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X-59: The Next Supersonic ‘Concorde’? (Pictures)

X-59. Image Credit: NASA.

The Next Concorde?  The X-59 As a certifiable “Bon Vivant” who likes to travel in style (always opting to upgrade from Cattle Class, er, Economy Class to 1st, Business, or at the very least Premium Economy [when and where available] whenever I can afford to do so), it saddens me to know that the famous Aérospatiale/British Airways Corporation (BAC) Concorde supersonic transport (SST) is long defunct.

That sentimental longing and “what-if” musing especially hits home whenever I watch scenes from two of my Top 10 all-time favorite films, The Wild Geese (in the opening scene, the protagonist, Col. Allen Faulkner—portrayed by the late great Sir Richard Burton—is flown 1st Class on the Concorde into London to meet with his new employer), and Moonraker (wherein, roughly halfway through the film, James Bond—played by the late great Sir Roger Moore—travels via the SST for the Brazilian leg of his world-saving mission).

The Concorde completed its first transatlantic crossing on September 26, 1973, and launched the world’s first scheduled supersonic passenger service on January 21, 1976, before ceasing operations in 2003.

X-59: The SST Sequel?

As luck would have it, travel snobs like me who haven’t experienced the joys of sound barrier-breaking commercial flight may yet be able to take heart.

And this time, instead of an Anglo-Franco venture, it’ll presumably be built with good old American knowhow: Lockheed Martin’s X-59 QueSST (“Quiet SuperSonic Technology”).

Back in February 2016, then-NASA Administrator Charles Bolden announced the illustrious space agency’s award of a contract to Lockheed Martin for the preliminary design of a “low boom” flight demonstration aircraft.

As Mr. Bolden (a retired USMC Major General who flew on four Space Shuttle missions and later made history as the first African-American to serve as NASA Administrator) stated at the time:

“NASA is working hard to make flight greener, safer and quieter – all while developing aircraft that travel faster, and building an aviation system that operates more efficiently.  To that end, it’s worth noting that it’s been almost 70 years since Chuck Yeager broke the sound barrier in the Bell X-1 as part of our predecessor agency’s high speed research. Now we’re continuing that supersonic X-plane legacy with this preliminary design award for a quieter supersonic jet with an aim toward passenger flight.”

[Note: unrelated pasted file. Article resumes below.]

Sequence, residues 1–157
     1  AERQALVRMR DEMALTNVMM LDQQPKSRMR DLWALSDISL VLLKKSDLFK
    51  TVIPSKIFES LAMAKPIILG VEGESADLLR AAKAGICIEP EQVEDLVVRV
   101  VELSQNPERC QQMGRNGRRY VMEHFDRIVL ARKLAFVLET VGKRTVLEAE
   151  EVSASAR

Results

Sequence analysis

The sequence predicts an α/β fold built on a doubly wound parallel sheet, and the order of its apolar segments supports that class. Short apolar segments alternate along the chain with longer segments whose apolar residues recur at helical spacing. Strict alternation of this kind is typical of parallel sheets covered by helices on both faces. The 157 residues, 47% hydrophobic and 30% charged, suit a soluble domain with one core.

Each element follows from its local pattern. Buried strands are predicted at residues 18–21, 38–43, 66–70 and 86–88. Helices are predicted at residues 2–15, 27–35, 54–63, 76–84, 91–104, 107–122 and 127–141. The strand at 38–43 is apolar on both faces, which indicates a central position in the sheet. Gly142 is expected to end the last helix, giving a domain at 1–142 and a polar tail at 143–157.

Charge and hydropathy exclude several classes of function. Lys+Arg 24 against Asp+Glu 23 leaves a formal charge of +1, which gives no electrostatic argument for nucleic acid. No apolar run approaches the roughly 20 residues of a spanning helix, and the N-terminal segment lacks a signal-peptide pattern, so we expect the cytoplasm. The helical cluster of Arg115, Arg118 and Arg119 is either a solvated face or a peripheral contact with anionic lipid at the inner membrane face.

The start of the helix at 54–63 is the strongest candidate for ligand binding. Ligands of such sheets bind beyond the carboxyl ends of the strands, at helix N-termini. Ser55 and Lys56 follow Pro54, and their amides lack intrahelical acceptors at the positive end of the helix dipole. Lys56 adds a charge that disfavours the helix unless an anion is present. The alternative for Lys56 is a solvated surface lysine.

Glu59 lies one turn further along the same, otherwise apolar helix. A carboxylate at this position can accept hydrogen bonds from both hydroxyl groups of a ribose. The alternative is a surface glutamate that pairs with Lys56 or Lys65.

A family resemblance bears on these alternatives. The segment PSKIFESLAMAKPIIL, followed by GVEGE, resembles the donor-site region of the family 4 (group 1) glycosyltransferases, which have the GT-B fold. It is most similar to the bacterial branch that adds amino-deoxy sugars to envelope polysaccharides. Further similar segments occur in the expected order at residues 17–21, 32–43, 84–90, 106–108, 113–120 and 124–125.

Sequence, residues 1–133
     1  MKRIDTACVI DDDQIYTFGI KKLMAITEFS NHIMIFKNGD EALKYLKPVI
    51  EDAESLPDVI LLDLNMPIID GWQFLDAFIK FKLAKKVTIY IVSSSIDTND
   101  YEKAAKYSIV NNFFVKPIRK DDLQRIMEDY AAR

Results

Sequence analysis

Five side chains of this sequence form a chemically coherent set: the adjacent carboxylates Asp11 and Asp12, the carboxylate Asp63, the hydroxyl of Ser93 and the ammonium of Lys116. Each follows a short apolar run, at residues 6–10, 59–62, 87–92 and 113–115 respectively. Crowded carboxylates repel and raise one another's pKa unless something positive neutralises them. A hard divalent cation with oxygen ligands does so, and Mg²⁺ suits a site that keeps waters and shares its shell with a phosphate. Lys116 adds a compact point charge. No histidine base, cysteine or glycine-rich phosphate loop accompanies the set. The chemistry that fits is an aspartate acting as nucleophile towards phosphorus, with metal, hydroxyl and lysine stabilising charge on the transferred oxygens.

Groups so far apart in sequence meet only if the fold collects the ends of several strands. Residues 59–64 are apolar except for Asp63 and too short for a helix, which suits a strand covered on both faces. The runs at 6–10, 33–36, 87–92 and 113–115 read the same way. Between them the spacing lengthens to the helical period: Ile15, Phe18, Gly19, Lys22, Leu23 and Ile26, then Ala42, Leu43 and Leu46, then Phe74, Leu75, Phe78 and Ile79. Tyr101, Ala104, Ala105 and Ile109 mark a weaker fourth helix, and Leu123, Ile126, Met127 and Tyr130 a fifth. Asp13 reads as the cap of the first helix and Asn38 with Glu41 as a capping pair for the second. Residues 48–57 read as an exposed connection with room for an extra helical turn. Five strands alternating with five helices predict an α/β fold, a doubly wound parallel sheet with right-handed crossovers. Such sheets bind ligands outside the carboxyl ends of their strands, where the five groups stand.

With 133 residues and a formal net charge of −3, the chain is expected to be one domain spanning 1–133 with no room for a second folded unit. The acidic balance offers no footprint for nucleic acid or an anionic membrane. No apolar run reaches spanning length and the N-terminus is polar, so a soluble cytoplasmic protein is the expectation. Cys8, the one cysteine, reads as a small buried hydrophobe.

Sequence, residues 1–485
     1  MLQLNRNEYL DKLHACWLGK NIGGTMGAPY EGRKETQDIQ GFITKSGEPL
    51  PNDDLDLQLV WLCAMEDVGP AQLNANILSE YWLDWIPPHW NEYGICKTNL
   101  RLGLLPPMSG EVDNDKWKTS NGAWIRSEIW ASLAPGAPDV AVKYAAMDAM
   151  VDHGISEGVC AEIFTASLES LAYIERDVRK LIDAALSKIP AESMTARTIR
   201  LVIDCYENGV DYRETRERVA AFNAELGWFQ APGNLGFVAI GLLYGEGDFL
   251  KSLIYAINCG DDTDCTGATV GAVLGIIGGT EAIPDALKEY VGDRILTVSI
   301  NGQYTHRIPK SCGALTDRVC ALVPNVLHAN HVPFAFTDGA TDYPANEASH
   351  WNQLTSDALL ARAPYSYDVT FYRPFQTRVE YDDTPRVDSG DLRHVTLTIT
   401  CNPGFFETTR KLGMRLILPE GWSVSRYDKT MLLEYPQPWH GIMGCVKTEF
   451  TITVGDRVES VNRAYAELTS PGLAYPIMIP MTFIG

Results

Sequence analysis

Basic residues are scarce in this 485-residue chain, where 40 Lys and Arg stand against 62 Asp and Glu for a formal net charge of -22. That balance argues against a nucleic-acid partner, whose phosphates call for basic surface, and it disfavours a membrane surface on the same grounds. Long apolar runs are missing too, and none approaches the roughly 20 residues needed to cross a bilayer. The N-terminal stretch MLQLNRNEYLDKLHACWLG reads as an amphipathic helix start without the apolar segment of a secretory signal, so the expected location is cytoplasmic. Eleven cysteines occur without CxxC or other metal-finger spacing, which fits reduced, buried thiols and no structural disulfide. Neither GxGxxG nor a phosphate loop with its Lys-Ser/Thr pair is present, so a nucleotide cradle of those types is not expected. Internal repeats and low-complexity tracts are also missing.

In accordance with Mr. Bolden’s references to “a quieter supersonic jet,” Lockheed Martin estimates that the X-59 will project a noise level of 75 perceived decibel level (PLdB), “about as loud as a car door closing,” as per the LM Skunk Works’ official webpage; this would meet the standard that researchers believe will be acceptable for unrestricted supersonic flight over land, but NASA wants to eventually beat that and reach 70 PLdB. For a basis of comparison, the Concorde’s sonic boom noise level was 105 PLdB.

How would this lofty goal be achieved?  Typical supersonic aircraft create a sonic boom when shockwaves from the nose and tail merge; because of the X-59’s distinctive shape, those two ripples never do that ergo the resulting sound is more like distant thunder or a dull thump.

It is also expected that the QueSST will be 99 ft. 7 in. (30.35m) in length, 14 frt. 0 in. (4.26m) in height, and with a wingspan of 29 ft. 6 in. (8.99m), cruising at 55,000 ft (17,764m) at a speed of Mach 1.4 (925 mph/1,488 kph).

A Brighter and Quieter Future for the SST?

An encouraging sign for the X-59 (and for the prospect of the resurrection of supersonic commercial travel in general) took place in December 2019, when the X-59 won the Best of What’s New Award (32nd annual edition) by Popular Science in the aerospace category.

The QueSST is expected to make her maiden flight sometime this year, and from there, as per an official NASA statement, “In 2024, NASA will fly the X-59 over select communities to measure public perception of the sound.  The data from these tests will be given to U.S. and international regulators, potentially opening the future to commercial supersonic flight over land.”


X-59 artist rendering. Image Credit: Creative Commons.




Nasa Quiet Supersonic Technology Low-Boom Flight Demonstrator.

So, while this isn’t yet the time and place to book your flight reservations on the X-59, the future looks hopeful. And since United Airlines happens to be the official airline for both my favorite college and pro football teams alike (the USC Trojans and the Washington Redskins, er, Commanders), I for one, am keeping my fingers crossed that UA purchases a few of the new birds when the time comes.

Christian D. Orr is a former Air Force officer, Federal law enforcement officer, and private military contractor (with assignments worked in Iraq, the United Arab Emirates, Kosovo, Japan, Germany, and the Pentagon).  Chris holds a B.A. in International Relations from the University of Southern California (USC) and an M.A. in Intelligence Studies (concentration in Terrorism Studies) from American Military University (AMU).  He has also been published in The Daily Torch and The Journal of Intelligence and Cyber Security.

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Christian D. Orr is a former Air Force officer, Federal law enforcement officer, and private military contractor (with assignments worked in Iraq, the United Arab Emirates, Kosovo, Japan, Germany, and the Pentagon).